RV park and campground proposed south of Whistler 

Garibaldi Group pitches idea to repurpose Olympic parking area opposite entrance to Callaghan Valley

click to enlarge PHOTO BY BRADEN DUPUIS - site specific The Garibaldi Group is seeking feedback on its plans for a new RV park near the Callaghan Valley.
  • photo by braden dupuis
  • site specific The Garibaldi Group is seeking feedback on its plans for a new RV park near the Callaghan Valley.

a gravel parking lot that has stood empty alongside Highway 99 since the 2010 Olympics could soon be the site of a new RV park.

The Garibaldi Group—a subsidiary of the Delesalle Group, which recently purchased the land in question with Kilauea Investments—is currently seeking public feedback on the project, with an eye to submitting a formal rezoning application to Whistler's Municipal Hall this June.

The site is currently zoned for single-family residential, and the proposed plan includes an amenity building that will be equal to or smaller in size than the allowable density under the current zoning, said a spokesperson for the Garibaldi Group in an email, adding that current servicing plans for the site include power, sewer treatment, water and fire protection.

"Consistent with the plan to restore the site, our approach to servicing will focus on sustainable options and respect the environmentally sensitive land that surrounds the site," the spokesperson said.

"We just want to reiterate that while the majority of our responses to the public community's campaign remain positive, it is important to note that the Garibaldi Group did not clear the site and its current condition is a result of the parking lot that was cleared and covered for Olympic use."

Positioned opposite the entrance to Callaghan Valley, the proposed campground, called The Garibaldi Outpost, would not only serve as a year-round spot for campers, but would also host its own activities.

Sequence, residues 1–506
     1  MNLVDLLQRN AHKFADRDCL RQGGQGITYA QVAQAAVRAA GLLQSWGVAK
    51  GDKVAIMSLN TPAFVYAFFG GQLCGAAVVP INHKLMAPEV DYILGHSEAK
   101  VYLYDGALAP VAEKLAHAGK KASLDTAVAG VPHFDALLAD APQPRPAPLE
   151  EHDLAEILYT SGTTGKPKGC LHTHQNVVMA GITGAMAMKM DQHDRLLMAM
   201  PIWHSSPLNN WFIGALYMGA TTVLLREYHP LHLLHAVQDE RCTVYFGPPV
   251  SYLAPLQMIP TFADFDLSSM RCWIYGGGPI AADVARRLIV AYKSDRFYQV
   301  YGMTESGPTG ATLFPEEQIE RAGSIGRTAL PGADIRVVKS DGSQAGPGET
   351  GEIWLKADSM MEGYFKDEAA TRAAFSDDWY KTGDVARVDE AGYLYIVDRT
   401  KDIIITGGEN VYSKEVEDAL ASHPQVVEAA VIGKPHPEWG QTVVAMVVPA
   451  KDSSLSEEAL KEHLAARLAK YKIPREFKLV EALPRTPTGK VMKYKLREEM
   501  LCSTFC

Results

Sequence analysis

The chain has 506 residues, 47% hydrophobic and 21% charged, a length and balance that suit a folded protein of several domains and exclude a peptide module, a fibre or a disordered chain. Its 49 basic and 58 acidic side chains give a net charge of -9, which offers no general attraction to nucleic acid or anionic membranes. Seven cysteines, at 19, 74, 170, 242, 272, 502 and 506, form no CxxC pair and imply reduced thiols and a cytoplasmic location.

The current version of the project pitches a mountain bike skills area, outdoor exercise circuit, trails, and an outdoor climbing wall. A pond they hope to build could transform into a winter skating rink. Dogs would have their own secure park and a washing station. Amenities include a small store to get coffee and necessities.

"There aren't currently a lot of places—or any places—for someone in a motorhome to stop and stay and recreate in Whistler," said Calum Srigley, one of the designers working on the project with the Garibaldi Group (not to be confused with Garibaldi At Squamish).

"Families and dogs aren't always welcome in Whistler without a big price. It kind of comes down to affordability."

Srigley hopes that the plan for the area illustrates that it is more than just a camping spot, which some might have concerns about.

"When you talk about it being an RV park, a lot of people come to it with a certain preconception about what that is or isn't," he said, adding that the proponents hope the Outpost would serve as a hub not only for campers, but also for people dropping in on their way to or from the Callaghan area.

Strigley and designer Norbert Jakubke said their research has shown the demographic of RV users has shifted to younger people, including millennials and their families who want to take advantage of recreational opportunities in an affordable way.

The Callaghan Olympic parking lot was originally cleared to act as a shuttle parking lot for people to watch 2010 Olympic Games events hosted in Whistler.

"Currently, there doesn't seem to be any kind of vision for this area, and this land is languishing," Srigley said. "There are environmental consequences because it's not being cared for, the groundwater isn't being managed properly ... Some form of development like this would ensure that the land was cared for and was kept in good condition for whatever future use might happen."

Because there wouldn't be much infrastructure and the few buildings could easily be moved or disassembled, the designers said Outpost could be a transitional use for the space.

"It could make good use of an underused site and you're not doing anything that can't be taken away if it has to in a few years time," he said. "It can be implemented quickly and it can serve a need that has been identified for not only RV parking, but for affordable short-term housing."

With one or two permanent structures, there would be 36 spots for tents, 26 for trailers and six for RVs or motorhomes. A full-time manager would live onsite.

To give feedback on the plan, go to garibaldioutpost.com.


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